In 2012 and 2013 millions of people were forced from their homes by floods, storms, and other weather-related disasters. Millions more were affected by droughts, desertification, and degradation of the land, air, and water. While impacts are being felt in rich and poor countries alike, it is the most vulnerable people who suffer most.
The island of Leyte in the Philippines may be one of the only places in the world where beachfront property is completely undesirable. Those who live along Leyte's eastern beaches know that the sea's destructive power can suddenly sweep away everything they hold dear.
On November 8, 2013, Typhoon Haiyan, one of the strongest typhoons ever to make landfall, cut a path of destruction across the central Philippines, killing more than 6,000 people and displacing approximately four million.
Two weeks ago, the High Court of New Zealand rejected a Kiribati man’s request for asylum as a “climate change refugee.” Ione Teitiota argued that he should be entitled to protection as a refugee because rising sea levels and environmental hazards caused by climate change were endangering his life on Kiribati, a low-lying island nation in the South Pacific.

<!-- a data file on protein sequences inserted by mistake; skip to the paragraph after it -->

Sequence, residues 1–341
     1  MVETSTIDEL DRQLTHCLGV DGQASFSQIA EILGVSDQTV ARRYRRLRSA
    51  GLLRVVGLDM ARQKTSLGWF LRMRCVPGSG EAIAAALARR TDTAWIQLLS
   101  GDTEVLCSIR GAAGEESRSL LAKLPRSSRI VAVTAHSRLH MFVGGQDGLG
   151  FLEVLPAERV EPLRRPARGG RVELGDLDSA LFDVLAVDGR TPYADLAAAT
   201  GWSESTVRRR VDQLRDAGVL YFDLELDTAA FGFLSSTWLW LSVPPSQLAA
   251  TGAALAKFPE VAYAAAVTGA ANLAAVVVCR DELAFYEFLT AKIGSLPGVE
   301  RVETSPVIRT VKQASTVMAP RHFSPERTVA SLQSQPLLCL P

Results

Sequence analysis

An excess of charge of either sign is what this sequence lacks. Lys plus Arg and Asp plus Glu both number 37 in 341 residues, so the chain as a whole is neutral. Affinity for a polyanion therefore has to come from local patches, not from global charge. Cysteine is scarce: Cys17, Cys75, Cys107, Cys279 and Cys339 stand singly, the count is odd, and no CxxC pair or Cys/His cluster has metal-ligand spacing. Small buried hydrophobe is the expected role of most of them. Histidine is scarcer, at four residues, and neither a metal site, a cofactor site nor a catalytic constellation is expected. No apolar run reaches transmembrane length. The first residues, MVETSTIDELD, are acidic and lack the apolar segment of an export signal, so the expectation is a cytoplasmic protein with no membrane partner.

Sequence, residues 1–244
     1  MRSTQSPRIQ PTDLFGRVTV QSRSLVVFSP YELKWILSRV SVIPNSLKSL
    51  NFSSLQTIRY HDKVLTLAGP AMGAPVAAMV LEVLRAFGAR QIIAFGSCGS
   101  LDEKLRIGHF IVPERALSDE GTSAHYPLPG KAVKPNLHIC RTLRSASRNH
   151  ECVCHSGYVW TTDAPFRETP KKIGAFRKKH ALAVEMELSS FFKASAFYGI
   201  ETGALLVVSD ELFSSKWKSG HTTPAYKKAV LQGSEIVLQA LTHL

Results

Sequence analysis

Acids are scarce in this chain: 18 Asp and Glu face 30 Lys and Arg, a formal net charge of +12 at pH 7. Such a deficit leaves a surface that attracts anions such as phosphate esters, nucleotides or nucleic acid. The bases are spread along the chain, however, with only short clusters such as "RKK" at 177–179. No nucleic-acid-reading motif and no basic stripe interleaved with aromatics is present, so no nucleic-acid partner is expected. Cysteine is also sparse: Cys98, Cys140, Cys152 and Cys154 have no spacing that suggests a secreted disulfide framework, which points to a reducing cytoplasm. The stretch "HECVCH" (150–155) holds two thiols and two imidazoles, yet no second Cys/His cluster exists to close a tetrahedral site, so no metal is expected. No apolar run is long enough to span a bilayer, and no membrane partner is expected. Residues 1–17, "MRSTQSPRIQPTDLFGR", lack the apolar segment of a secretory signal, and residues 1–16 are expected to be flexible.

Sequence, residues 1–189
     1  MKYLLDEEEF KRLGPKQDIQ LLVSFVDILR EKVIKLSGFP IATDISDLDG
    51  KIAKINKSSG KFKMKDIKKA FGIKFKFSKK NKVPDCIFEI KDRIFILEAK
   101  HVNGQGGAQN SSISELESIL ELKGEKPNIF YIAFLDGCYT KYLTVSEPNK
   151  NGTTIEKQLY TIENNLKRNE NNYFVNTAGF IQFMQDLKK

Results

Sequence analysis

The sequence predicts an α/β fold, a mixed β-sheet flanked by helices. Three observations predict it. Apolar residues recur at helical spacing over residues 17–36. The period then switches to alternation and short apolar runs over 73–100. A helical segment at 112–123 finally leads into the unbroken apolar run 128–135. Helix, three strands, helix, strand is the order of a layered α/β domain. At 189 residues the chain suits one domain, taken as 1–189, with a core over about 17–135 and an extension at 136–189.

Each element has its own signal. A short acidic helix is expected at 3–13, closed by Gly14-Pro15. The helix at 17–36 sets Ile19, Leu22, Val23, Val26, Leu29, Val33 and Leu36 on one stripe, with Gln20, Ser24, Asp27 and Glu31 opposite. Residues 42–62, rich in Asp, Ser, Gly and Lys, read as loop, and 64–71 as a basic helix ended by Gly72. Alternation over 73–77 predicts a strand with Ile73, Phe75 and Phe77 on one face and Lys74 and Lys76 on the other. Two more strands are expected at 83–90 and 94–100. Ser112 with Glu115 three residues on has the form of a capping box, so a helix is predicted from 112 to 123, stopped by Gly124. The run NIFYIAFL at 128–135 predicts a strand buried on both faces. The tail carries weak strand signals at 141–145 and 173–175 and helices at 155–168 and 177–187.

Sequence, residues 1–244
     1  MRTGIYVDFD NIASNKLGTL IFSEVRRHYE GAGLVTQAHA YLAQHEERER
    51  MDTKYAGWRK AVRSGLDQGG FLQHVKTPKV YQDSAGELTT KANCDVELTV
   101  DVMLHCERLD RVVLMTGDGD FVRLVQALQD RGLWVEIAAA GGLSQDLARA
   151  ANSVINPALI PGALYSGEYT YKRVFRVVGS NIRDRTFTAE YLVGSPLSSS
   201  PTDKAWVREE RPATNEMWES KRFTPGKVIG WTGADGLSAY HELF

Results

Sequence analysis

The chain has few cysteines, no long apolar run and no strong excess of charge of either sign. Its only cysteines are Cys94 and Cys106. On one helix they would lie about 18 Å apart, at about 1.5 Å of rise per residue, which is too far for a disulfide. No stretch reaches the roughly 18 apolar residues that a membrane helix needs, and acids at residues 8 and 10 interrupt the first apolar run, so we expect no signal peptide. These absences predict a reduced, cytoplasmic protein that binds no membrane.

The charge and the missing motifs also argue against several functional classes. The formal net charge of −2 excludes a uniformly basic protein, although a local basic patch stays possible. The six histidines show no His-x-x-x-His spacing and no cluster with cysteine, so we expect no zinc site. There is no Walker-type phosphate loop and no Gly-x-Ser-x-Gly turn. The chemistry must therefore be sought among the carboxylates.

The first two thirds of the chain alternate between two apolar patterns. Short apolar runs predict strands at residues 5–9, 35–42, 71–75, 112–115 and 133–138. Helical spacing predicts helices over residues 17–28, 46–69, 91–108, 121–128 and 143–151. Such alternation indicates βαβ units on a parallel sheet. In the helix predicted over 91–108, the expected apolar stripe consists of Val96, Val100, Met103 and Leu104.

It’s been over three years since the earthquake in Haiti devastated the capital Port-au-Prince, killing an estimated 230,000 people and leaving 1.2 million homeless.
Despite forecasts indicating a good harvest this fall, millions of vulnerable people across West Africa’s Sahel region will not have enough food to eat again this year. Many are still reeling from 2011-12, when poor rains and high food prices left 18 million people without sufficient food and a million children at risk of starvation.
In the shade of a tree, a group of girls crush rocks, pounding away relentlessly with heavy stone clubs. It is the middle of the day here in Boulyiba, Burkina Faso. The dry season is almost at an end, and the temperature hovers above 100°F, yet these girls have a great deal of hard work ahead of them. Their father, Assane, has brought a whole pile of rocks back from a gold mine 15 kilometers from their village.
This post originally appeared on the SahelNow blog.
If you drive along the roads of northern Burkina Faso, as my colleagues and I have these past two weeks, you won’t always see the usual signs of human activity. While the population here is growing rapidly, the Sahel remains a sparsely populated region, and desiccated savannah dominates the landscape – stretching for miles into the distance.